100-degree days. 65 mile-an-hour winds. 0 inches of rain.
In the end, Rabbi Moshe and Zelda Liberow and their children had just minutes to evacuate their neighborhood on the west side of Colorado Springs, Colo.
“I never dreamed that this fire would be anywhere near my house,” Zelda Liberow, co-director of Chabad-Lubavitch of Colorado Springs and Southern Colorado, said Wednesday from a hotel near Denver. “We knew it was getting close, but then, all of a sudden, the entire city was covered in smoke. It was 5:00 in the afternoon and everything was pitch black.”
Liberow’s description of events Tuesday matched those of the more than 26,000 evacuees forced to flee the advancing windswept flames of the infamous Waldo Canyon Fire. Officials termed the fire’s doubling in size as an explosion of unprecedented proportions.
It’s been “a historically challenging day,” fire incident commander Rich Harvey told The Denver Post on Tuesday.
Essentially, the high winds and dry conditions took what started as a small fire – authorities have not determined who or what is to blame – and turned it into a firestorm. Amazingly, no one has been injured.
“Thank G-d, no one’s hurt. That’s the real miracle in all of this,” said Liberow, who grabbed her children and fled with the clothes on their backs while her husband was returning home from the airport. “The fire’s out of control, but everybody got out.”
Moshe Liberow, who flew in from New York at 3:30 Tuesday afternoon, knew his wife was considering evacuating when the flames from the mountainside she could see through her windows were getting closer. But as he drove home, he had no idea what she decided in the end.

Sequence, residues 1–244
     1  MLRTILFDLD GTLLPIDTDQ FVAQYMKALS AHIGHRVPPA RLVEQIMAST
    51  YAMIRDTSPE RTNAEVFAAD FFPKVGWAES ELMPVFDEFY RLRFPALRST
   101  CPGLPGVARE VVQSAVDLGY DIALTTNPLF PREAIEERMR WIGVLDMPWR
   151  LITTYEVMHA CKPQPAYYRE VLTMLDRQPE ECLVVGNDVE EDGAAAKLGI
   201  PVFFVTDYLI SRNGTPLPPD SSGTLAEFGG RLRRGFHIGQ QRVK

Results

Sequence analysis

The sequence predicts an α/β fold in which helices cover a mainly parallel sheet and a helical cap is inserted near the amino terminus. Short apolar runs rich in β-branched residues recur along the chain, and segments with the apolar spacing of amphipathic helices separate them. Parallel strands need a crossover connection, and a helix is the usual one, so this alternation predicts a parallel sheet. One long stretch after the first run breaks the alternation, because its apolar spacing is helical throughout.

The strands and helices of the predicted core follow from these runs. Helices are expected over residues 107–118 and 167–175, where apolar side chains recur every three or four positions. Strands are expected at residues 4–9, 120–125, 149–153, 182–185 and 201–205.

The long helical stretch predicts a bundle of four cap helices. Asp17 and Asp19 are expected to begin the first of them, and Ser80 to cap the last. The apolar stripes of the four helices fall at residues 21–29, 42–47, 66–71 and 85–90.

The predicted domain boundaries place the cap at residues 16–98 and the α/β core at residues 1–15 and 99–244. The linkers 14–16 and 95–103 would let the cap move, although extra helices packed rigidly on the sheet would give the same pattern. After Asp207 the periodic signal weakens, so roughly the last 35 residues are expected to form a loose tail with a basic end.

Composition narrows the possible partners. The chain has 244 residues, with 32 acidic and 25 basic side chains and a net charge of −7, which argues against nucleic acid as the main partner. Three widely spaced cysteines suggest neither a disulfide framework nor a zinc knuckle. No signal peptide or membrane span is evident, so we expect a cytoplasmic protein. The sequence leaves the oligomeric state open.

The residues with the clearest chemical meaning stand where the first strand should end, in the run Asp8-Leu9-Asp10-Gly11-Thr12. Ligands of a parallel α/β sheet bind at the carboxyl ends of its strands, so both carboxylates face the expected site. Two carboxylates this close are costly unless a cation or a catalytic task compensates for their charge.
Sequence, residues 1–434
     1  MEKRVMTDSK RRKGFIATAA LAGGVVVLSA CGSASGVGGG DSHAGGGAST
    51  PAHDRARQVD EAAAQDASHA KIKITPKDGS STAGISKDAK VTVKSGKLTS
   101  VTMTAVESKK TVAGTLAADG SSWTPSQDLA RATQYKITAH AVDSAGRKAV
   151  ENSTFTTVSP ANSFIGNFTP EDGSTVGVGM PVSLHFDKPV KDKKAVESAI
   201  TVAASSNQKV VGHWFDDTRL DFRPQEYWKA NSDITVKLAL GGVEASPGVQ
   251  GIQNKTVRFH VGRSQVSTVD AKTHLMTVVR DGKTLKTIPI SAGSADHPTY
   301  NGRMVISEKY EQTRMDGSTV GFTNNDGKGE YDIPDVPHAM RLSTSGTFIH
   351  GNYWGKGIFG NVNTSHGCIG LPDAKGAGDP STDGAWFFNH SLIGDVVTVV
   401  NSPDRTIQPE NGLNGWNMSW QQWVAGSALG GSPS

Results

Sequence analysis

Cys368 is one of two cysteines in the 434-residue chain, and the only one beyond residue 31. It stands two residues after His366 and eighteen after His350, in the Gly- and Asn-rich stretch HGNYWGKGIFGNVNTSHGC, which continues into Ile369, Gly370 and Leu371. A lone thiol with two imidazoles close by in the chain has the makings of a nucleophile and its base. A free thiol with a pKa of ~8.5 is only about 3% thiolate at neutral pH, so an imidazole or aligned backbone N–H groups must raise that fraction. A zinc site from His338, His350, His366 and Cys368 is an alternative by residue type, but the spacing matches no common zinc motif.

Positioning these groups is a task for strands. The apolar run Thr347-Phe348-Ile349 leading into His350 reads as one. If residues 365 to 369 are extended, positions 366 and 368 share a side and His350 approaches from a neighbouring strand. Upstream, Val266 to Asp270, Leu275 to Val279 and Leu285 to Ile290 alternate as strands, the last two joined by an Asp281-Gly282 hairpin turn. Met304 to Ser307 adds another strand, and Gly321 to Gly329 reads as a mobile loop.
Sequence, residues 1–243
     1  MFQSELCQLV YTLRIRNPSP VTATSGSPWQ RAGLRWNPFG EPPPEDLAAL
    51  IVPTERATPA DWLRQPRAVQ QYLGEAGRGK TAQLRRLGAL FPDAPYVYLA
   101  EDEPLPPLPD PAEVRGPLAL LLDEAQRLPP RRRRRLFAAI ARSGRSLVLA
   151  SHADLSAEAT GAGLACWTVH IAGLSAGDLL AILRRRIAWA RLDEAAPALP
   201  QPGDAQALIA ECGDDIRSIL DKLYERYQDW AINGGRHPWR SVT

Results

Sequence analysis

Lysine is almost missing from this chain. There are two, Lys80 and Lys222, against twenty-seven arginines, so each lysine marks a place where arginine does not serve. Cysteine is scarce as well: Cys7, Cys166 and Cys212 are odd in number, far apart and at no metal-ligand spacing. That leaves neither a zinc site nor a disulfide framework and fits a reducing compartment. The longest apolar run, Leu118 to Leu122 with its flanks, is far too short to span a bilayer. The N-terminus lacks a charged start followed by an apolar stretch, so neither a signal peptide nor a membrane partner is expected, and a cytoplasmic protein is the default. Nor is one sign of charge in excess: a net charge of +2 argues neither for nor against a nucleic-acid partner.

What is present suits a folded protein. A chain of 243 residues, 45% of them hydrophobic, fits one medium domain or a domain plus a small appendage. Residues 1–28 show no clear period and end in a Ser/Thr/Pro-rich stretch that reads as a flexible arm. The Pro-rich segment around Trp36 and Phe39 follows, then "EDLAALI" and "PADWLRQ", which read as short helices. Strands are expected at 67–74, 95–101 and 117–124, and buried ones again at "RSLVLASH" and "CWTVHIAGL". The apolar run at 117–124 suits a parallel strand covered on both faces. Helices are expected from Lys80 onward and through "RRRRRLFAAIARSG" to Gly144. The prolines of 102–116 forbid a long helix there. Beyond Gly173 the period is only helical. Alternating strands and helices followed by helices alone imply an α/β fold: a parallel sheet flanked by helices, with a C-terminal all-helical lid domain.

“It was an unbelievable sight,” he said. “The entire sky was orange and red and as you got closer, it turned this pitch black. As I was getting close to the exit, I was frantic and called 911. There was smoke all over the place and fire in the streets. Finally, I couldn’t go any farther.”
The rabbi turned around, still on hold with 911, and headed back for the highway.
“It was such a miracle,” he detailed. “Two cars ahead, I saw my wife’s car.”
After reuniting, they caravanned to Denver, where they were able to secure one of the last available hotel rooms in the city. On Wednesday, however, they were looking for longer-term accommodations.
Back in Colorado Springs, reports indicated that upwards of 1,000 firefighters have been mobilized to fight the blaze. On Wednesday morning, it was just five percent contained. People like the Liberows have no idea how their homes, community centers and synagogues have fared.
“We had a community member who was able to get the police to let him back into the area around the Chabad House to save the Torah scrolls,” said Zelda Liberow, who has been working the phones to see if their friends and neighbors need any help.
She and her husband have set up an emergency fund to deal with the disaster.
“Right now,” added Liberow, “all the firefighters are just trying to save as many homes as they can.”